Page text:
Wednesday, February 13, 2013

Controlled Experiment on Taxation (New Title)

In an op ed in The Gazette, Pat Jury, the head of the Iowa Credit Union League, wrote that "[i]ncreasing taxes on credit unions increases taxes on Iowa Credit Union members. Credit unions would have to pass along the increased expense to their members in the form of higher fees, higher loan rates and lower savings dividends."

However, Jury's opinion is not shared by some within the credit union industry.

Ed Speed, the former CEO of Texas Dow Employees Credit Union (TDECU), wrote the following in an August 10, 2011 guest opinion appearing in Credit Union Times.

"The only impact taxation would have on TDECU is that we will double in size every seven years instead of every five years. So what?

The NCUA special assessments prove my point. Last year and for the next nine years, credit unions are paying special NCUA assessments, assessments that have just about the same impact as a 35% tax on credit union net income.

The assessments we paid - and will pay for the next decade - did not drive us to change loan and deposit rates and fees last year, nor will they in the future.

Paying a 35% tax on income would have the same impact on how we price: none, nada, zip."

So, the corporate assessment provides a controlled experiment to simulate the impact of taxation on the pricing of credit union services.

Did your credit union change loan or deposit rates and fees because of the corporate credit union assessment?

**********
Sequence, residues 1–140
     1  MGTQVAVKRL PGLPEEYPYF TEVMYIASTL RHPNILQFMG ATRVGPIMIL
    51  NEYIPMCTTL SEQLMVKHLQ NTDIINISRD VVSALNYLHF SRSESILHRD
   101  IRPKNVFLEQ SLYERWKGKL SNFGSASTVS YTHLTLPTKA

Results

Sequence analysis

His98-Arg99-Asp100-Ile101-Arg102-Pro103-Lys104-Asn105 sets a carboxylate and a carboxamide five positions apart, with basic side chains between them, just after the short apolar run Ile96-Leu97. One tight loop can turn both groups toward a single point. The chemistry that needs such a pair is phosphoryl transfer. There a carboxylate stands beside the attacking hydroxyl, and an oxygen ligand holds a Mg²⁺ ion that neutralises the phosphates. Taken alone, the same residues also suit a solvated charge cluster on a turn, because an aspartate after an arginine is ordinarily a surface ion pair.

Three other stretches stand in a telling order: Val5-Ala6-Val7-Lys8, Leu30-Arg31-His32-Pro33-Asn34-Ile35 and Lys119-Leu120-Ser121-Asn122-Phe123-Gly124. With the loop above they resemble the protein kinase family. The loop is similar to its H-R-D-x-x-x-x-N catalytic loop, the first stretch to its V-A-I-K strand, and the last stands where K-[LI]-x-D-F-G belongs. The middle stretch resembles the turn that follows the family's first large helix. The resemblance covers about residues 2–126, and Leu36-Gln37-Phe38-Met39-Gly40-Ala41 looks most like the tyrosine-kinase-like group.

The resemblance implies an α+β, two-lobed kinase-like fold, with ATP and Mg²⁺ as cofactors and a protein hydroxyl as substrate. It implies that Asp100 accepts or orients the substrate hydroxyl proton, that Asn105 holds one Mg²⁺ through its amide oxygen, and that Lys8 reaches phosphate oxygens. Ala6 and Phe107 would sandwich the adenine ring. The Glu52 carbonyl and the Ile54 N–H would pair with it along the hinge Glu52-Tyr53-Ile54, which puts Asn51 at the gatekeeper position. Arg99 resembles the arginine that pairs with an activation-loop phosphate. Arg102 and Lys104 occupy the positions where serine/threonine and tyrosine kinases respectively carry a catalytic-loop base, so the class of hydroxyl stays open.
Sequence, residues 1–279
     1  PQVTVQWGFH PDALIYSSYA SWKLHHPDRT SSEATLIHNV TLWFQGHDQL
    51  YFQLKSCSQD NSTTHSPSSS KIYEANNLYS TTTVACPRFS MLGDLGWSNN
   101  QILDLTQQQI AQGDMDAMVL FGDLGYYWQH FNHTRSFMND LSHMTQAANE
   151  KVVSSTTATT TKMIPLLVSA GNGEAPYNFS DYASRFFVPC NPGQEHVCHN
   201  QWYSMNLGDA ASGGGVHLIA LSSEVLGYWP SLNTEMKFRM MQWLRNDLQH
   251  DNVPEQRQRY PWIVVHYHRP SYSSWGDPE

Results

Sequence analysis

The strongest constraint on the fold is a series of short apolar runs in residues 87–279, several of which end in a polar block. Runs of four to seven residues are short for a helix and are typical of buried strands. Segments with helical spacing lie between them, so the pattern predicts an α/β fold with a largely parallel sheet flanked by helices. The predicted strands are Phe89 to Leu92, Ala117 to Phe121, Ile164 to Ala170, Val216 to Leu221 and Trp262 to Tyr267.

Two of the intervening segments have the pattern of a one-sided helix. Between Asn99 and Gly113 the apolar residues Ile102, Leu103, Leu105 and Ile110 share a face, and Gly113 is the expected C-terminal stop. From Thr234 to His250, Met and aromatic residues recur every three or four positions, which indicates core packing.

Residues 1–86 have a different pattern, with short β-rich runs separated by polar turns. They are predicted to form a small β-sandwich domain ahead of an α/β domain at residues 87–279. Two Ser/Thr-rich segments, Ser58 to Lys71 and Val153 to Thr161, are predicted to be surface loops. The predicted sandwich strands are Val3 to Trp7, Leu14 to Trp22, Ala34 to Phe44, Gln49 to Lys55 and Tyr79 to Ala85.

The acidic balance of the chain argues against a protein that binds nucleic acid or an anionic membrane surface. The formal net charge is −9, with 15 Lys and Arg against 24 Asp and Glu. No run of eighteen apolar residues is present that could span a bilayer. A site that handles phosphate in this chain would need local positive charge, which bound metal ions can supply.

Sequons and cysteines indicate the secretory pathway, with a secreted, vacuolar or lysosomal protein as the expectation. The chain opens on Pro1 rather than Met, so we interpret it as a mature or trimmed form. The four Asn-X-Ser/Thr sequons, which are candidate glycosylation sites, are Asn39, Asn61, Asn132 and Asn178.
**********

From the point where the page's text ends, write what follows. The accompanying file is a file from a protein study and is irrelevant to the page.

1. Assessments were dealt with in various ways.
    Some of us are efficient and growing and we absorbed the assessments by doing nothing or cutting back on bonuses, marketing for a while.
    Many credit unions, like contra costa, funded assessments by "charging" their members thru lower than market share rates.
    What many of the larger credit unions have begun to understand, but won't publicly admit is that we can handle taxes, if we get the regulatory relief that Cuna (cu not accountable) can't get.
    That's why some large credit unions like TDECU left Cuna (cu not accountable).
    Seems the fear mongering about taxes is wearing thin.
    Now, if we could just get the congress to do its job with NCUA.

  2. Texas Dow has assets of well over a Billion dollars. Their former CEO's comments are reasonable for their large scale, but for 90% of cus, the arithmetic does not work. So, yes, Jury's opinion is not shared by some, but is shared by most. Most have to take away from the members to pay toward the assessments, as they go.

    Member tolerance for lost value will wear thin long before 2021. Perhaps the experiment for the 90% is discovering this tolerance limit and then seeing if that arithmetic can work for their smaller scale credit unions.

  3. Our credit union started losing money with the assessment and zero interest rates. They merged because the hand writing is on the wall for CU's that are 50mil or less.

  4. The "arithmetic" hasnt worked for years. There would be more mergers but for the absence of accountability. Regulators (and not ncua) will need to force the issue if they want to avoid complete deterioration of capital.



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